Lexus’s first compact luxury crossover was initially marketed as the NX 200t and NX 300h, with each version’s name reflecting its powertrain. The NX 200t uses a 2.0L turbo four-cylinder engine (235 hp/258 lb-ft) and a six-speed transmission, and the NX 300h is a gas-electric hybrid with 194 hp.
In 2018, Lexus revised the car’s styling, smoothed out its ride, and consolidated both variants under the NX 300 label, but kept the 300h designation for hybrid models.
Start your test drive of a used first-generation NX by checking the engine coolant level while the engine is cold. If it’s low, the car could have a leaking water pump, which is one of the NX’s most common mechanical issues. (https://www.clublexus.com/forums/ls-1st-and-2nd-gen-1990-2000/699214-major-coolant-leak.html)
The NX was part of a Lexus recall campaign to replace fuel pumps that could fail and cause the engine to stall out.
Spend some time working through the NX infotainment system’s various functions. Many owners complain of a display that freezes, locks up or goes blank. If you’re testing a car with navigation, try that out, too, as some drivers say it’s not easy to use, especially if you try to program a destination using voice commands. (https://www.clublexus.com/forums/nx-models-2015-present/766894-nx-electronics-bug-infotainment-display-sound-and-lock-up-issues-merged-thread.html)
When driving, listen for creaks and rattles in the cabin. You should expect some, and will have to decide if you can live with that.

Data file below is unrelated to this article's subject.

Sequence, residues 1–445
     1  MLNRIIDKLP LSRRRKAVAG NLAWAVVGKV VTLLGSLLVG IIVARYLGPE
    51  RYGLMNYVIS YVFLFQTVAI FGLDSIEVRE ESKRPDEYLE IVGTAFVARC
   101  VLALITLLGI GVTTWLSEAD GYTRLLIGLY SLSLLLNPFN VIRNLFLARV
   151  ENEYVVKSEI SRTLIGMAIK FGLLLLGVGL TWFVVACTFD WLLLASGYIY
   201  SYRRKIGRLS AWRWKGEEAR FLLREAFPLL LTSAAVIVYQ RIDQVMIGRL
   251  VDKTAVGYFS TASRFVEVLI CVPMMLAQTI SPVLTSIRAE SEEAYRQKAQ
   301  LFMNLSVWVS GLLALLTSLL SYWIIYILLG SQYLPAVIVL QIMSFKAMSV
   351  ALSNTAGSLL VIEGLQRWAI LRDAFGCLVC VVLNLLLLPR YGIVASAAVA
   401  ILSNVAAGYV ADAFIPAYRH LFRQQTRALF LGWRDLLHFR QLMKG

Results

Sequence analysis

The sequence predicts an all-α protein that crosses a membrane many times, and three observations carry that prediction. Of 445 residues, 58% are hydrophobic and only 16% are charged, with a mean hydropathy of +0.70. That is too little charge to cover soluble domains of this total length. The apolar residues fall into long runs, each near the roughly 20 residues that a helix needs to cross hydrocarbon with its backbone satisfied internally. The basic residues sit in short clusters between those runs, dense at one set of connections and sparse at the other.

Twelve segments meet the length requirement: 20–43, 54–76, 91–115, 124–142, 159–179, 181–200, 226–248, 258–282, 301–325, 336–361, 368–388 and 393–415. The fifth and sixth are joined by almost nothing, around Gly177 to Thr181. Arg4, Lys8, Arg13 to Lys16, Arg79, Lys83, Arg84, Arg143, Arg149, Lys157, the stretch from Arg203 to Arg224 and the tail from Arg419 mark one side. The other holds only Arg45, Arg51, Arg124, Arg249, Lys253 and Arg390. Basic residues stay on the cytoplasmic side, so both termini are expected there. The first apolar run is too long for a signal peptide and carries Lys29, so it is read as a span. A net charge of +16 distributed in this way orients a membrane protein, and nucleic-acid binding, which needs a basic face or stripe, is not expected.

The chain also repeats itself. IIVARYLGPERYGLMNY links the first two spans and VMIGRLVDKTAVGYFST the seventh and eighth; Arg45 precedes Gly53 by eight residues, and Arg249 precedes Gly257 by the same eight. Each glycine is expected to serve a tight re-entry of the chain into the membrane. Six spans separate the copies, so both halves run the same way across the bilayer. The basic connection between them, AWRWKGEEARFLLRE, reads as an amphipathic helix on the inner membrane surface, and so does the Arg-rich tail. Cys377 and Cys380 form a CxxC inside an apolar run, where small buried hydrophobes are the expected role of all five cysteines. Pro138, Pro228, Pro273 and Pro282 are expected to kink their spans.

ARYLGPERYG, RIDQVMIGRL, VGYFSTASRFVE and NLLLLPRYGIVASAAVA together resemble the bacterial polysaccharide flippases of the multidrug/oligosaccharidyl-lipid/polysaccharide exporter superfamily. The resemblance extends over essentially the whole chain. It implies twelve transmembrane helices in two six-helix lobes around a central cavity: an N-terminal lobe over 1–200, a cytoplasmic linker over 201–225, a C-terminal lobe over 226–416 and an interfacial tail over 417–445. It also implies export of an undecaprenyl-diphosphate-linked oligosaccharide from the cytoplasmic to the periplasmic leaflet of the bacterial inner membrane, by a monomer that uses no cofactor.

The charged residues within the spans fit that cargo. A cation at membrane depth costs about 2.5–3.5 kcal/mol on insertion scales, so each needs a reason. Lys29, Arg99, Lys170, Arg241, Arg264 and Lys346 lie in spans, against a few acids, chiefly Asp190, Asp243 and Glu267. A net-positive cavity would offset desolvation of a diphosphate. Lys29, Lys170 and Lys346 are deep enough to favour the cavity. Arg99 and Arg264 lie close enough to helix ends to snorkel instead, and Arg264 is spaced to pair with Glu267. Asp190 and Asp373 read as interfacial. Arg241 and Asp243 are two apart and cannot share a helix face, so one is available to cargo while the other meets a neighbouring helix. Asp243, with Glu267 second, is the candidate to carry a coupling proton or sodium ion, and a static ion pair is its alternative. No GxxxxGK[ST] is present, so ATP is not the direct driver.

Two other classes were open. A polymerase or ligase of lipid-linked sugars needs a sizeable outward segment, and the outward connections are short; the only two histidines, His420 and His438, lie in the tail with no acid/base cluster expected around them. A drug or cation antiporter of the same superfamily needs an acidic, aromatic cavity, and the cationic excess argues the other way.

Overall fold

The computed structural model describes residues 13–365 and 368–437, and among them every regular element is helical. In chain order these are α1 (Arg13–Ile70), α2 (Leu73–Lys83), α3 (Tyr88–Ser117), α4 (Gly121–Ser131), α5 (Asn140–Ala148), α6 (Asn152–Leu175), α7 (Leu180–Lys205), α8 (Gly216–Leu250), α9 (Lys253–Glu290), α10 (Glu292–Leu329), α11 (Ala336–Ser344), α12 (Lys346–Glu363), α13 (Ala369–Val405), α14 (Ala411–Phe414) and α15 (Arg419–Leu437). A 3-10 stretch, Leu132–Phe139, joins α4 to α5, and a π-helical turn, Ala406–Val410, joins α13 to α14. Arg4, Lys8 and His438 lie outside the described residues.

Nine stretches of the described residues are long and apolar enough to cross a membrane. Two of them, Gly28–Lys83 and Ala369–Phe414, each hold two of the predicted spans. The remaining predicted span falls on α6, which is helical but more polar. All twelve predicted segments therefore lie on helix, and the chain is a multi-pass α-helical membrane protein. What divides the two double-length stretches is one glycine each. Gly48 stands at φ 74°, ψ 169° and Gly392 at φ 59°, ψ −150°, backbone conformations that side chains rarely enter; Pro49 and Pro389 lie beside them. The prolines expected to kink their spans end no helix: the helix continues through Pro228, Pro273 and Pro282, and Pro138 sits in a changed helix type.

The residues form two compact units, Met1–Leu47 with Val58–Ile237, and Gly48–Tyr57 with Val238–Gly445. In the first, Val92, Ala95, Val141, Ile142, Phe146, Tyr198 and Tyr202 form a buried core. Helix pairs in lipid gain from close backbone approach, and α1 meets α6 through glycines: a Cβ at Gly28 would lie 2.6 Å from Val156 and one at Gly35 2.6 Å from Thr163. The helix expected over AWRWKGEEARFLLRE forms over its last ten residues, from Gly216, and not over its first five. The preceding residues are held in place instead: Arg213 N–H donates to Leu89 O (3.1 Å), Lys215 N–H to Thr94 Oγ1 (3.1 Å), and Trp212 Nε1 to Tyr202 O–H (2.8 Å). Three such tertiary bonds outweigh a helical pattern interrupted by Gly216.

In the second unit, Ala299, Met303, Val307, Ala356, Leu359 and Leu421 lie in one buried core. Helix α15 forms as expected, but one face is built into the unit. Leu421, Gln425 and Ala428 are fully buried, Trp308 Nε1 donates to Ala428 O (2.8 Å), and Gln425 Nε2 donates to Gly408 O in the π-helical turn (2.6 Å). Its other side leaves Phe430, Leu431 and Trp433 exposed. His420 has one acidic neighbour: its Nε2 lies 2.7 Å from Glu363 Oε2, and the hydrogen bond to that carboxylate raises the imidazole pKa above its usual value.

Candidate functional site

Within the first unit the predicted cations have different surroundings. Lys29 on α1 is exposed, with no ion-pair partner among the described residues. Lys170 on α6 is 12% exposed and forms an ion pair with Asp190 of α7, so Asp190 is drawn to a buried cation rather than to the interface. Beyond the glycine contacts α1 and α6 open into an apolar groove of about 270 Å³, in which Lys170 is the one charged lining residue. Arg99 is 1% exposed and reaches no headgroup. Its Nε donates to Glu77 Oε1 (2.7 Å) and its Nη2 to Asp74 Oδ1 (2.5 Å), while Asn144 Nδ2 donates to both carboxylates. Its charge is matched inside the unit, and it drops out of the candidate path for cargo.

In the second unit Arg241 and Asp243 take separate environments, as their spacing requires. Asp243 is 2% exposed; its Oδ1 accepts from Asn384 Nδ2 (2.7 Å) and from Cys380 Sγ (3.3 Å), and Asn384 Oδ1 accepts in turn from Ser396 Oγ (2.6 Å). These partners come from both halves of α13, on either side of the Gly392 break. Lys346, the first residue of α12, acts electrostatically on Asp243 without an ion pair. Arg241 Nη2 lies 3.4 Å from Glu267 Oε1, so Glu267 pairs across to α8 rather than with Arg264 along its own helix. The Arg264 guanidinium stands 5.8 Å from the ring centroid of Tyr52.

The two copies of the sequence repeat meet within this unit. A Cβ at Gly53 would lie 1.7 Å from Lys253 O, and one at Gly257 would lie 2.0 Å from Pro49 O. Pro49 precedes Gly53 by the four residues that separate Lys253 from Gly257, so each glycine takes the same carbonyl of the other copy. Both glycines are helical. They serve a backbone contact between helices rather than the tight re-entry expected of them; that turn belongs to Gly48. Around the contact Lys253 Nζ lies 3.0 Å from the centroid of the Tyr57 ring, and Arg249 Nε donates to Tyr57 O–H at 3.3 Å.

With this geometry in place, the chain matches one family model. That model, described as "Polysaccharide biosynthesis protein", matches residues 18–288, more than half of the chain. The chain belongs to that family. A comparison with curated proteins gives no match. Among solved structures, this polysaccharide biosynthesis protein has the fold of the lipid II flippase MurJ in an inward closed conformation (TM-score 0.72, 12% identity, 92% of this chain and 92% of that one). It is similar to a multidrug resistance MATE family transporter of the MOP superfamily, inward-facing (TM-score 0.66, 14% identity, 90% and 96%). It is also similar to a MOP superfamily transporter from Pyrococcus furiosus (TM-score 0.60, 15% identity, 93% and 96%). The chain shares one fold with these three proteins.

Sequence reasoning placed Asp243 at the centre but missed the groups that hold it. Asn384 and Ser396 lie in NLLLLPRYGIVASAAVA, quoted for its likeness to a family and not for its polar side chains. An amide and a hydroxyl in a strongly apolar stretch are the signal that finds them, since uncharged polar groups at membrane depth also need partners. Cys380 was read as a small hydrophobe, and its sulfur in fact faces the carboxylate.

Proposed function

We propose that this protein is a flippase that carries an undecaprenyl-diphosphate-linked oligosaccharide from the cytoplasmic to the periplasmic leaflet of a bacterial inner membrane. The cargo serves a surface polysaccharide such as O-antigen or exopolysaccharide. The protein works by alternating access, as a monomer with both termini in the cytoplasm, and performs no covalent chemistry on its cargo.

If you test an NX with a sunroof and power tailgate, open and close both of them several times to make sure they work smoothly and without cranky-sounding noises.
Infiniti QX50, 2014-2017
In the early to mid-2010s, Infiniti’s compact crossover model had a bit of an identity crisis. It arrived in 2008 as the EX35, and was renamed EX37 in 2013 to reflect its new, more powerful 3.7L engine. Our look at this car begins in 2014, when it was renamed again as the QX50.
The 2014 Infiniti QX50 used the same engine as the EX37 (325 hp/267 lb-ft), along with a seven-speed transmission and all-wheel drive.
In 2016, Infiniti updated the QX50’s styling and stretched its wheelbase to add interior space. After 2017, the QX50 took a year’s hiatus before an all-new version arrived for 2018.
Listen for a humming or groaning sound after you start the QX50’s engine, which could be traced to a faulty fuel pump. This seems to be more common in the older EX models, but is worth watching out for. (https://forums.nicoclub.com/just-had-my-fuel-pump-replaced-no-more-humming-at-start-up-t356268.html)
If you have time during your test drive, take the QX50 through a high-pressure/touchless car wash and watch for leaks from the sunroof. (https://forums.nicoclub.com/leaky-sunroof-t342116.html)
As with many modern cars, a healthy battery is key to keeping a QX50 running well. If your car exhibits any strange electrical problems, begin your diagnosis by checking the battery voltage, which should be just over 12 volts when the car is turned off. A weak battery may have enough power to start the car, but the voltage can be just low enough to upset the car’s sensitive computerized controls.